In 1946, when design work on France's AMX-13 Light Tank began, the tank was intended to be a destroyer/reconnaissance vehicle. As the tank neared development, the manufacturer, Atelier de Construction Roanne (ARE), modified the design slightly and produced a true light tank.
The hull of the AMX-13 Light Tank is all welded and is divided into three compartments: The driver and engine compartments are located at the front, and the turret is mounted at the rear.
Probably the most distinguishing feature of the AMX-13 is its Fives-Gail Babcock two-part oscillating turret. The main gun is fixed in position in the upper half of the turret; to elevate or depress the gun, the upper half is pivoted onto the lower half. Use of this oscillating turret permits the adoption of an automatic revolver loading system in which each magazine holds six rounds.
Initially, the main gun for the tank was the standard 75mm cannon with a single baffle muzzle brake. The gun had a rate of fire of one round every five seconds until the two six-round magazines were empty.
Once the rounds were discharged, the magazines had to be refilled by hand outside the tank. The tank carried a total of 37 rounds of ammunition and also sported either a 7.5mm or 7.62mm machine gun that was mounted coaxially on the right side of the main gun.
Another machine gun could be mounted externally near the commander's position. The tank also had a total of four electrically operated smoke dischargers, two on either side of the turret.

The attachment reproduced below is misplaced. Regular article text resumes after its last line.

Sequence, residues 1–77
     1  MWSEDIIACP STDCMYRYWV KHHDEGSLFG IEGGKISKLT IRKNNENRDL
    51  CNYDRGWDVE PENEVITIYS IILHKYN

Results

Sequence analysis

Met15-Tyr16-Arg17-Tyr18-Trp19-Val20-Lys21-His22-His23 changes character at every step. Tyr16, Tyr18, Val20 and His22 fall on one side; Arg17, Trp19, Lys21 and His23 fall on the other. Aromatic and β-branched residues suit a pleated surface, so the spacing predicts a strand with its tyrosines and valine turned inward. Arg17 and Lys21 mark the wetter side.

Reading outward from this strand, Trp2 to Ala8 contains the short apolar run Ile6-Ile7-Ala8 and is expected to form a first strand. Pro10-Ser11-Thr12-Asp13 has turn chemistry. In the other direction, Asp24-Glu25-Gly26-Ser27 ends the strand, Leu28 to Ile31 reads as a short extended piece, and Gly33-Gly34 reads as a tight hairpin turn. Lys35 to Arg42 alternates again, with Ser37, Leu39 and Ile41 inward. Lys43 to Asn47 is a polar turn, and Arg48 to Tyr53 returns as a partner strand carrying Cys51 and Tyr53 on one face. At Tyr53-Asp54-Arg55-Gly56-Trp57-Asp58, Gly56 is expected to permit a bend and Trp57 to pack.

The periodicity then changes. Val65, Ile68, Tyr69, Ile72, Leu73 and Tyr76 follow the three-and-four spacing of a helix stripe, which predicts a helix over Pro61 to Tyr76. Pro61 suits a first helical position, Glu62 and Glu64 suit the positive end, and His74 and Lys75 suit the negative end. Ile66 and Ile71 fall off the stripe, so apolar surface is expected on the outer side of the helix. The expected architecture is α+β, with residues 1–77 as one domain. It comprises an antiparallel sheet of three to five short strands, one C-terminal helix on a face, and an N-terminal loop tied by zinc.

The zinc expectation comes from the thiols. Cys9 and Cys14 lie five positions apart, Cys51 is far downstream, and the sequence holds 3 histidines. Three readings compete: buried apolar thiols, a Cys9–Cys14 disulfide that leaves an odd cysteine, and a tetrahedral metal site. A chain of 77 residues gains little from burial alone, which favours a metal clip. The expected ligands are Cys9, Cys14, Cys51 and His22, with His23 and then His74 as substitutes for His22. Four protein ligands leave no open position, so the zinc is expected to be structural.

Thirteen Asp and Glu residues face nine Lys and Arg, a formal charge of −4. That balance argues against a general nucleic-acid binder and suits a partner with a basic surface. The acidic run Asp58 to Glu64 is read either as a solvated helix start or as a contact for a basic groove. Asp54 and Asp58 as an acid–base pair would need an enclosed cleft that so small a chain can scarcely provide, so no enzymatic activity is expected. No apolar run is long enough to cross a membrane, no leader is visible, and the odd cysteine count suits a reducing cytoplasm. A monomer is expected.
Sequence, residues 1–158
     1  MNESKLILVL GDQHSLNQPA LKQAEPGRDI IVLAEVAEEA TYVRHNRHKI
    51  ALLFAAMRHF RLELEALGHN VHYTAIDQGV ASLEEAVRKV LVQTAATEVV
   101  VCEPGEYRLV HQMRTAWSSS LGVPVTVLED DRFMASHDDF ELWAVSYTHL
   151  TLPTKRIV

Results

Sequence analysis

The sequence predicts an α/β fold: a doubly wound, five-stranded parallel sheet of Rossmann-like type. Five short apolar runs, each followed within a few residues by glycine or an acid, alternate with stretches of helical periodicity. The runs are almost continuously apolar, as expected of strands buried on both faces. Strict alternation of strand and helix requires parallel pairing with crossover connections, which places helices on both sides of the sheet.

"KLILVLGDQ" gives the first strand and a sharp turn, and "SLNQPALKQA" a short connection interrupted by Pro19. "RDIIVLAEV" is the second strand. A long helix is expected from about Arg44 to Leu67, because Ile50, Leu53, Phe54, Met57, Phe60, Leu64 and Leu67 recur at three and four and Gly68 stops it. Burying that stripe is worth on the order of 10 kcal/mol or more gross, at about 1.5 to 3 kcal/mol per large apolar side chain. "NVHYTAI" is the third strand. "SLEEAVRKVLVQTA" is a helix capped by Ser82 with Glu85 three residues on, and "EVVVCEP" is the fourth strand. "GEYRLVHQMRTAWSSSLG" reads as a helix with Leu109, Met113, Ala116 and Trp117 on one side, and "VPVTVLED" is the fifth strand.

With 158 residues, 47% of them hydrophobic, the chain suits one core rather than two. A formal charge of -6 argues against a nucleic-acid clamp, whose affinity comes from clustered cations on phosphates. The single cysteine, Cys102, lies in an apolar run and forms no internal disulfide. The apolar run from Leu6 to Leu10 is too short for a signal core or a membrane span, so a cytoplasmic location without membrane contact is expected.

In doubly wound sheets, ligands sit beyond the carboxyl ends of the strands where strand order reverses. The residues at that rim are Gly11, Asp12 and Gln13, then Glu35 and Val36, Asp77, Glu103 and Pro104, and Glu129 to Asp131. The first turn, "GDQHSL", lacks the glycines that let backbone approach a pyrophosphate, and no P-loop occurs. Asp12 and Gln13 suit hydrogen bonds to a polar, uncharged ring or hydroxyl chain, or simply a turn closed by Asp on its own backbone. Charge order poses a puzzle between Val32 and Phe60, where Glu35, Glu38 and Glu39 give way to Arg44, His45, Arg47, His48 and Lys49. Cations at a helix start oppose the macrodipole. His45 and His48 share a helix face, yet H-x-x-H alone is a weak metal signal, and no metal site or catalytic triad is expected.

None of the AMX-13 tanks were equipped to operate in a nuclear-biological-chemical warfare environment, and only a few countries outfitted the tank with any sort of night fighting/detection equipment or sensors.
Many of the nearly 20 different countries who have used the tank retrofitted their inventory of tanks with either the larger 90mm or 105mm guns.
AMX-13 Light Tanks armed with the 90mm gun first entered service in the mid-1960s, and all tanks in the French Army were retrofitted with this cannon by the early 1970s.
With the larger gun, the tank carried 34 rounds of ammunition, of which 21 are carried in the turret -- 12 in the magazine. The combination of the 105mm rifled gun and the FL-12 armored turret was developed exclusively for the export marketplace.
Depending upon a nation's individual needs, the AMX-13 Light Tank came with either a diesel or gasoline power plant and a five-speed manual transmission. In terms of more modern light tanks, the AMX-13 Light Tank had a competitive range of around 350 to 400 kilometers with its gasoline engine and 550 to 600 kilometers with the diesel power plant.
Although production ceased in the 1980s, the AMX-13 Light Tank has remained a viable choice for many smaller nations seeking a proven tank design that can also be adapted for use as an armored personnel carrier, an air-defense vehicle, an armored recovery vehicle, and even a self-propelled howitzer.
To learn about AMX-13 Light Tank specifications, continue to the next page.
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AMX-13 Light Tank Specifications
The French AMX-13 Light Tank was a true light tank used by many countries. Find specifications for the AMX-13 Light Tank below.
Date of service: 1952
Type: Light Tank
Dimensions: Length, 4.88 m (16 ft); width, 2.5 m (8.2 ft); height, 2.3 m (7.5 ft)
Combat weight: 15,000 kg (16.5 tons)
Engine: SOFAM Model 8G x b 8-cylinder horizontally opposed gasoline or Detroit Diesel 6V-53T water-cooled turbocharged V-6 diesel or Baudouin 6F 11 SRY water-cooled turbocharged V-6 diesel
Armament: One 75mm main gun, or one 90mm main gun, or one 105mm main gun; two 7.5mm or 7.62mm NATO machine guns
Speed: Gas: 60 km/h (37 mph) Diesel: 64 km/h (39 mph)
Range: Gas: 350-400 km (217-248 mi), Diesel: 550-600 km (341-372 mi)
Obstacle/grade performance: 0.65 m (2.1 ft)